“Keep An Eye On PSI!”(and UHS!)

“One CMS division —responsible for tracking and reporting actions against Medicare-certified providers—didn’t report a single action between 2001 and 2008.”

OK, kiddies, who was running the gub’mint during those years and let them get away with this?  If you guessed the same clowns that let the banks run wild, let terrorists attack NY and DC, let those same terrorists get away with it, started a war of aggression, cut taxes for millionaires and me too, let New Orleans drown,and presided over the greatest recession since the big Depression, you’d be right. 

No, not Clinton, sillies.  It was the Decider guy and Fat Elvis.  Remember?

Richard Baldwin Cook

Sep. 22, 2010, 8:27 a.m.

BurningFeet got it right. 100%.

I am still wondering who if any gvt employee is going to be prosecuted, sanctioned, identified even or just promoted-and-retired, for not reporting the violators..

Mary Hawthorne

Sep. 22, 2010, 6:05 p.m.

I always thought corruption filtered down from the top.
I guess it has moved upward from the state (Virginia) since the Richmond Times Dispatch reported on the covering up and changing reports that would benefit PSI….oops! I forgot Kaine and Tavenner,( to make reference to Richard Baldwin’s point,) did get identified but were never prosecuted….they just left town to move
further to the front of the line and do more harm.
Soooo sad, so disgusting!  Folks keep googling and
reading everything you can about PSI and contact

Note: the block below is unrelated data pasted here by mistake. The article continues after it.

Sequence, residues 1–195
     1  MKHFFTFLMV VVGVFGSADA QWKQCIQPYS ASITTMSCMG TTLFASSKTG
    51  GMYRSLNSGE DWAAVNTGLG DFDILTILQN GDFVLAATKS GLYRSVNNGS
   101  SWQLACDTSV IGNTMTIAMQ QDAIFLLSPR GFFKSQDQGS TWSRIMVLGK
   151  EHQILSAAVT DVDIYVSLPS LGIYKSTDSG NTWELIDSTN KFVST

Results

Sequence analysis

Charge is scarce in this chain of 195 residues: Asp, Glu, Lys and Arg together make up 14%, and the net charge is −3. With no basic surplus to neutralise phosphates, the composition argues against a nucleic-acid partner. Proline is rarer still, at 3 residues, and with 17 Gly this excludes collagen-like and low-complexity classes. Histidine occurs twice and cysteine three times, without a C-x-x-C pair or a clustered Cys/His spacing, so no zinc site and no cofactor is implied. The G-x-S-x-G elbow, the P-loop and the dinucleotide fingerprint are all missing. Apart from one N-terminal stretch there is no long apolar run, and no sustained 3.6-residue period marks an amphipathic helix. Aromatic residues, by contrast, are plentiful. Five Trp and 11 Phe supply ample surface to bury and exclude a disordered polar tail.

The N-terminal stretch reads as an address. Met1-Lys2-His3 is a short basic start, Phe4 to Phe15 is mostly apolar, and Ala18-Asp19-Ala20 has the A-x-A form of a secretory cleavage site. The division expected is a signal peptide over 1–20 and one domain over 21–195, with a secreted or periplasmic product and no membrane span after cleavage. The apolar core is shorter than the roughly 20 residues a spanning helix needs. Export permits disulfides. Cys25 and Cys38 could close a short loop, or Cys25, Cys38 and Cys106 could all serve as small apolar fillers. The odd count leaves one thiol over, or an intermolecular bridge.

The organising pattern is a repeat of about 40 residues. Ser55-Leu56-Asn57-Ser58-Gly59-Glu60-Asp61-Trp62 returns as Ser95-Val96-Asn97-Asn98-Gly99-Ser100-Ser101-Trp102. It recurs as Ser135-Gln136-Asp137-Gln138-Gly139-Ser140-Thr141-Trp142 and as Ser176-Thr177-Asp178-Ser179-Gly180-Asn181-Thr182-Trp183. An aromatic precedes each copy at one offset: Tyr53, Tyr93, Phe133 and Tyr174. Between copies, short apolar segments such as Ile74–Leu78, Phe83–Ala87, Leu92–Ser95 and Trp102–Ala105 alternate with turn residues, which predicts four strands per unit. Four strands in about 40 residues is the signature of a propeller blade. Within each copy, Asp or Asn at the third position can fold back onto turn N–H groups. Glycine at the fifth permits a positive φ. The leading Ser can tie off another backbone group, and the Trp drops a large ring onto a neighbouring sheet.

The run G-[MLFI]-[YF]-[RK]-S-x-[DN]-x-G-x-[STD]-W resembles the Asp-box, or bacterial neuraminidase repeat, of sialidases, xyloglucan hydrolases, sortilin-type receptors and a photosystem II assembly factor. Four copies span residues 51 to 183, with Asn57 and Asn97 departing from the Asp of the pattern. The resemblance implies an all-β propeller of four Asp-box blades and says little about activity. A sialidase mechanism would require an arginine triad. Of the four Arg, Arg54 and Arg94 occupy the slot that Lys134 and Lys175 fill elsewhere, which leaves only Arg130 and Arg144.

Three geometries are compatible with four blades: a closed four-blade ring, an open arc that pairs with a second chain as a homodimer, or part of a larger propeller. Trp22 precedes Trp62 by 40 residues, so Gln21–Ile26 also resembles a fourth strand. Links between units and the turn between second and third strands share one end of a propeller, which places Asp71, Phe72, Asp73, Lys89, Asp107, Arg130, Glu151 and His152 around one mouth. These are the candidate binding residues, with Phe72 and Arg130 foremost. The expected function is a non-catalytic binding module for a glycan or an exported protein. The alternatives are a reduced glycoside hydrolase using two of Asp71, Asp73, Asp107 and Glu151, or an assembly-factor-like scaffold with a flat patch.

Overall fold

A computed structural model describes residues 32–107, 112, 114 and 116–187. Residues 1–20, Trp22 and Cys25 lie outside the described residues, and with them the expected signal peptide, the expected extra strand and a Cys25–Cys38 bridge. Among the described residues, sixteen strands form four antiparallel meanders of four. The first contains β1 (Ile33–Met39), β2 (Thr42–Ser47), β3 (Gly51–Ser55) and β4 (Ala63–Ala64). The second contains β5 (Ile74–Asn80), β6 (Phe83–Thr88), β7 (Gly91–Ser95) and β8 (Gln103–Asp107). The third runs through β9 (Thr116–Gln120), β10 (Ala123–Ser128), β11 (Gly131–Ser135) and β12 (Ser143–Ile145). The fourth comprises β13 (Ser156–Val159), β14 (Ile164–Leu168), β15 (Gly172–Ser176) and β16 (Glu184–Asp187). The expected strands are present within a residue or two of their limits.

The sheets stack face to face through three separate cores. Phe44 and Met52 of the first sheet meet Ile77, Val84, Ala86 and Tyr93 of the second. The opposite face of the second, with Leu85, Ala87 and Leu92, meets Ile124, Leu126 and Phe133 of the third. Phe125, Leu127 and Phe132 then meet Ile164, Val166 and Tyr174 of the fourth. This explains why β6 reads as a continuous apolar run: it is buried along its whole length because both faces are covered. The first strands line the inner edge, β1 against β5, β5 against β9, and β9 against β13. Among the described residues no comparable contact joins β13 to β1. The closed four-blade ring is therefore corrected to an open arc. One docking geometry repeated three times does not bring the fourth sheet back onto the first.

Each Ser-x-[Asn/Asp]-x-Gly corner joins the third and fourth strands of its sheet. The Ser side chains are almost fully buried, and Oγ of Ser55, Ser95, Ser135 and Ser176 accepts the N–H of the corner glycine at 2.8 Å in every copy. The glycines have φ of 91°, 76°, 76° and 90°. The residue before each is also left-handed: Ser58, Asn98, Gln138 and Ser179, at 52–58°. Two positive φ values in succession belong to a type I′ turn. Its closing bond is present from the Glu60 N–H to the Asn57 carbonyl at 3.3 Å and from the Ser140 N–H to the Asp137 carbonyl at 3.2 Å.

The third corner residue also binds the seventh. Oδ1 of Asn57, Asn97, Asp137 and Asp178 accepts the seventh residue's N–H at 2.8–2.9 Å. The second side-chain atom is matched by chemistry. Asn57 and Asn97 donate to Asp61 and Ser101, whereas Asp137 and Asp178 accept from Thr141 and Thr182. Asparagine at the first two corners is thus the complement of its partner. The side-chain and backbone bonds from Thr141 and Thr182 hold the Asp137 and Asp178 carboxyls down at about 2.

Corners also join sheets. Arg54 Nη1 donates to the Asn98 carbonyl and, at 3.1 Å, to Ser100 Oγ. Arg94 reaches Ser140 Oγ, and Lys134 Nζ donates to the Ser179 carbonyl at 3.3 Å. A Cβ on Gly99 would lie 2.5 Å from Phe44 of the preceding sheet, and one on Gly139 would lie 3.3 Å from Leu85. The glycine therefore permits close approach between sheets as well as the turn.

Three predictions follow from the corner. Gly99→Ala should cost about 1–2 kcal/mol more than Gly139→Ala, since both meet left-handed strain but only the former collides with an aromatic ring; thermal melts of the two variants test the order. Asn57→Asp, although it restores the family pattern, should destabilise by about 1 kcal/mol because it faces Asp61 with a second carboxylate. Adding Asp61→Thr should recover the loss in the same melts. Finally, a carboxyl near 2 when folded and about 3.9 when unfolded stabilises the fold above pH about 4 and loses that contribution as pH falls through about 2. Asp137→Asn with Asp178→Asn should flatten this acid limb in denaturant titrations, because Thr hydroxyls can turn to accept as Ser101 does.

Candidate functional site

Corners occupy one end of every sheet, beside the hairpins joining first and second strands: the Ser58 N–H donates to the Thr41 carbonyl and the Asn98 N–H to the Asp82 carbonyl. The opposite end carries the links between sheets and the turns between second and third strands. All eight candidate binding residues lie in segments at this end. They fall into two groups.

your media and government representatives.  Our
children need all the help they can get in exposing
this national disgrace!

Richard Baldwin Cook

Sep. 22, 2010, 7:26 p.m.

Checking a bit further into what most of the rest of you already know -

I see that Stephen Reinhardt, while VA Mental Health Commis, refused to downgrade a PSI facility license and also did not make public any problems there - so that he could take a PSI consultant job.

These are despicable people - winking at the abuse of the most vulnerable people - to pad their own pay checks.

Solution? Prosecution. But is that likely, since the probs occurred under Gov Tim Kaine.

Susan Lawrence

Sep. 27, 2010, 8:52 p.m.

The Virginia Commission on Youth made a request last week for the Virginia Office of the Inspector General to investigate PSI facilities in Virginia. The Virginia Office of the Attorney General is already doing the same, having started a similar investigation with the DOJ of Universal Health Services Medicaid fraud issues at their Marion, VA facility. UHS plans to buy and “improve” PSI nationwide. Talk about the blind leading the blind.
Now Tim Kaine is on the short list to replace President Obama’s chief of staff. Hope President Obama will look closer at these situations before making a potentially embarrassing appointment to his staff. I don’t believe Governor Kaine is far enough away to avoid prosecution.